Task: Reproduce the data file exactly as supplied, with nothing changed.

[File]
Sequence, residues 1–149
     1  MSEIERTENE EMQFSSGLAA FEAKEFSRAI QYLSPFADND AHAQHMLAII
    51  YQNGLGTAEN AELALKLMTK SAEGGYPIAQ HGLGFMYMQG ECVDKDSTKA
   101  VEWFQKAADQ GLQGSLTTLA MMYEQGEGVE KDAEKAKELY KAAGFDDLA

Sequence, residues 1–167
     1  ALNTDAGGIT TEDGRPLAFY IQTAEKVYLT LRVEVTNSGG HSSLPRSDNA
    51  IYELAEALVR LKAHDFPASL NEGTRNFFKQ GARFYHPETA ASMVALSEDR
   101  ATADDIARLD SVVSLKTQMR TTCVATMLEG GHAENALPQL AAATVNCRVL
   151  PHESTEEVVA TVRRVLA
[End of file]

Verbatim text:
Sequence, residues 1–149
     1  MSEIERTENE EMQFSSGLAA FEAKEFSRAI QYLSPFADND AHAQHMLAII
    51  YQNGLGTAEN AELALKLMTK SAEGGYPIAQ HGLGFMYMQG ECVDKDSTKA
   101  VEWFQKAADQ GLQGSLTTLA MMYEQGEGVE KDAEKAKELY KAAGFDDLA

Sequence, residues 1–167
     1  ALNTDAGGIT TEDGRPLAFY IQTAEKVYLT LRVEVTNSGG HSSLPRSDNA
    51  IYELAEALVR LKAHDFPASL NEGTRNFFKQ GARFYHPETA ASMVALSEDR
   101  ATADDIARLD SVVSLKTQMR TTCVATMLEG GHAENALPQL AAATVNCRVL
   151  PHESTEEVVA TVRRVLA